Regret doesn’t have to be a spirit-crushing specter overshadowing our lives. Aside from the inevitable random moments of thoughtlessness in which we speak or behave carelessly (if we’re human, there’s no avoiding these moments – all we can do is learn how to handle our blunders with grace), there are difficult times during which we’re likely operating in “survival” mode, meaning that our thinking is foggy, or we aren’t thinking, at all. We’re distracted and worn-down by an onslaught of challenges that causes us to see everything as a threat. We’re propelled to action, and sometimes, in the urgency of the situation, we misdirect that action, making decisions we might later wish we hadn’t. We can make bad judgment calls regardless of the goodness of our intent. It just happens sometimes.
But it’s easy – too easy – to look back on these moments years later and feel regret, guilt or shame when we’re no longer under duress. Berating ourselves from that detached standpoint isn’t fair to our past or current selves. We can wallow in regret, or we can grow from our experiences by taking away lessons offered through them.
Regret is something we can manage by recognizing any mistakes that may have caused it and accepting that we made them, with gracious allowance for the external factors that comprise “circumstances.” Then we can gather our hard-won nuggets of wisdom and relish the satisfaction of a more mindful moving-forward. We can proceed with a purposeful energy infused with something akin to defiance and rebelliousness, that revitalizing energy that allows you to be the surfer standing on two feet at the crest of the wave not only with determination, but with joy, as well. We can commit acts of joyful courageousness on our quest to attain our goals. There’s a sense of liberation there, and the view is stunning.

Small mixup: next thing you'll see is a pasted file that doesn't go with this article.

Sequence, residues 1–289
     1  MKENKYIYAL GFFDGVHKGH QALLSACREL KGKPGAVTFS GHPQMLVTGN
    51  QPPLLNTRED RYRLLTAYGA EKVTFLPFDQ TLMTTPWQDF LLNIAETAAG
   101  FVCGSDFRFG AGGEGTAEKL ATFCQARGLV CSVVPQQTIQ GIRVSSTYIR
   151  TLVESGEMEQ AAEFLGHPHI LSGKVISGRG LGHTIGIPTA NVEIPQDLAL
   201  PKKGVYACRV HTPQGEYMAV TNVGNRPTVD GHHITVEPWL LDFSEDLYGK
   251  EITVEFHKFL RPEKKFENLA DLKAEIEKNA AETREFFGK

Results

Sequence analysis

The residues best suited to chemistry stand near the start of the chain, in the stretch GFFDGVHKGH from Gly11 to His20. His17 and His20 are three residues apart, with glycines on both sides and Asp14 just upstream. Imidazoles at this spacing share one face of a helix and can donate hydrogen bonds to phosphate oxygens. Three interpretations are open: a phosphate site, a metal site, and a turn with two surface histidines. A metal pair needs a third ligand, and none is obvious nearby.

This brings me to the subject of balance, but I’ll save that for another day.
Aging doesn’t concern me much. Sure, I’m aware in terms of health and wellness, and I tailor my routine and lifestyle as needed, but what I mean is I don’t go around “feeling” my age. Thus, when I recently started getting spam like this:
…in my email, it kind of threw me off.
When I got the first one, I blinked and re-read it a few times, and then it was like, Seniors! Okay. I get it. Then I thought, But why did this spam come to my email? Followed by, Oh… right. Duh! I was born in 1968, which my email knows, because when I’d created my account, it demanded that I enter in my Date of Birth. “Seniors” generally refers to the 50+ crowd,* so I guess once you’re within five years of it, you get picked up by the radars that detect your impending age-based qualification for the senior dating scene. Qualifying as fresh meat a potential member of the senior dating pool means that you qualify for all the spam and junk mail that goes along with it, including the junk mail warmly welcoming you into the AARP fold.
(I snort, but I do plan on joining AARP when I’m 50. Discounts all over the place as an achievement award for 50+ years of surviving life’s… ups and downs, shall we say? Sign me up!)
My Ex was 10 years older than me, and when he started receiving AARP stuff in the mail at around age 48-49, he was not happy. I, on the other hand, thought it was cool.
Anyway, the trickle of senior dating site spam into my email inbox has begun, to my great amusement. At worst, it’s disconcerting. I just don’t feel or think of myself as belonging to an age demographic that would prompt spam from senior dating sites.
I’m a “near-senior,” and the spammers know it… because they know everything about us.